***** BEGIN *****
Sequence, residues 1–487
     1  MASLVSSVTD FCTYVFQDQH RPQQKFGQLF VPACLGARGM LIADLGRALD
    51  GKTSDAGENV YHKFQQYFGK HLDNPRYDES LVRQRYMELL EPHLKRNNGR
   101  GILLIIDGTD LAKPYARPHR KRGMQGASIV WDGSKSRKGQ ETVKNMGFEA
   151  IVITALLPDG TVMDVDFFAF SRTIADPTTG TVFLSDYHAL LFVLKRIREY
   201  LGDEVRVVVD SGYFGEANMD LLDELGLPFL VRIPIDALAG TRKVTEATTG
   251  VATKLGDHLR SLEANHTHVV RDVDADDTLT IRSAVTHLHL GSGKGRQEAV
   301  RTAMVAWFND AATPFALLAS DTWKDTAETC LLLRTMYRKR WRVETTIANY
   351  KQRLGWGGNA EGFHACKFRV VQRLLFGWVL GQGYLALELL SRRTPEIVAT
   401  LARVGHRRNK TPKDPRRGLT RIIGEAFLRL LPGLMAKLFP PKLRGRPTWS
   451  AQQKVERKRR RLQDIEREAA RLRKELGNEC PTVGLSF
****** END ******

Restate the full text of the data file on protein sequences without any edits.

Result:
Sequence, residues 1–487
     1  MASLVSSVTD FCTYVFQDQH RPQQKFGQLF VPACLGARGM LIADLGRALD
    51  GKTSDAGENV YHKFQQYFGK HLDNPRYDES LVRQRYMELL EPHLKRNNGR
   101  GILLIIDGTD LAKPYARPHR KRGMQGASIV WDGSKSRKGQ ETVKNMGFEA
   151  IVITALLPDG TVMDVDFFAF SRTIADPTTG TVFLSDYHAL LFVLKRIREY
   201  LGDEVRVVVD SGYFGEANMD LLDELGLPFL VRIPIDALAG TRKVTEATTG
   251  VATKLGDHLR SLEANHTHVV RDVDADDTLT IRSAVTHLHL GSGKGRQEAV
   301  RTAMVAWFND AATPFALLAS DTWKDTAETC LLLRTMYRKR WRVETTIANY
   351  KQRLGWGGNA EGFHACKFRV VQRLLFGWVL GQGYLALELL SRRTPEIVAT
   401  LARVGHRRNK TPKDPRRGLT RIIGEAFLRL LPGLMAKLFP PKLRGRPTWS
   451  AQQKVERKRR RLQDIEREAA RLRKELGNEC PTVGLSF